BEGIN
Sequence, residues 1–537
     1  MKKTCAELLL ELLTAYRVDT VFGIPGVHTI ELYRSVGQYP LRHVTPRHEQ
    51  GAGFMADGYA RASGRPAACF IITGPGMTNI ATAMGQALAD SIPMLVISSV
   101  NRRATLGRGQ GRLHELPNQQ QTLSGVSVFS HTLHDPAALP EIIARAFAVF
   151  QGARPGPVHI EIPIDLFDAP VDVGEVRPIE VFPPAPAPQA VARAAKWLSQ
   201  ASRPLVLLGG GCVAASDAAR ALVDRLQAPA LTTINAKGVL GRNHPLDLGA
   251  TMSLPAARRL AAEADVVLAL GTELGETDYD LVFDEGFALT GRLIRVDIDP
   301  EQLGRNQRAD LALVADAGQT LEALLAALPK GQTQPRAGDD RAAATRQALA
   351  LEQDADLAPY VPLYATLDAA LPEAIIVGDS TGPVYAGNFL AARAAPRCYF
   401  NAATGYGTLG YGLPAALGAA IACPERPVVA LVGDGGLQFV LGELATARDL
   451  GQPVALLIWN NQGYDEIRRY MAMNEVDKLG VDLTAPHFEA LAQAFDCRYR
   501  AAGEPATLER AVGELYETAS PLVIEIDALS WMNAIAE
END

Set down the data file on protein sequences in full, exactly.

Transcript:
Sequence, residues 1–537
     1  MKKTCAELLL ELLTAYRVDT VFGIPGVHTI ELYRSVGQYP LRHVTPRHEQ
    51  GAGFMADGYA RASGRPAACF IITGPGMTNI ATAMGQALAD SIPMLVISSV
   101  NRRATLGRGQ GRLHELPNQQ QTLSGVSVFS HTLHDPAALP EIIARAFAVF
   151  QGARPGPVHI EIPIDLFDAP VDVGEVRPIE VFPPAPAPQA VARAAKWLSQ
   201  ASRPLVLLGG GCVAASDAAR ALVDRLQAPA LTTINAKGVL GRNHPLDLGA
   251  TMSLPAARRL AAEADVVLAL GTELGETDYD LVFDEGFALT GRLIRVDIDP
   301  EQLGRNQRAD LALVADAGQT LEALLAALPK GQTQPRAGDD RAAATRQALA
   351  LEQDADLAPY VPLYATLDAA LPEAIIVGDS TGPVYAGNFL AARAAPRCYF
   401  NAATGYGTLG YGLPAALGAA IACPERPVVA LVGDGGLQFV LGELATARDL
   451  GQPVALLIWN NQGYDEIRRY MAMNEVDKLG VDLTAPHFEA LAQAFDCRYR
   501  AAGEPATLER AVGELYETAS PLVIEIDALS WMNAIAE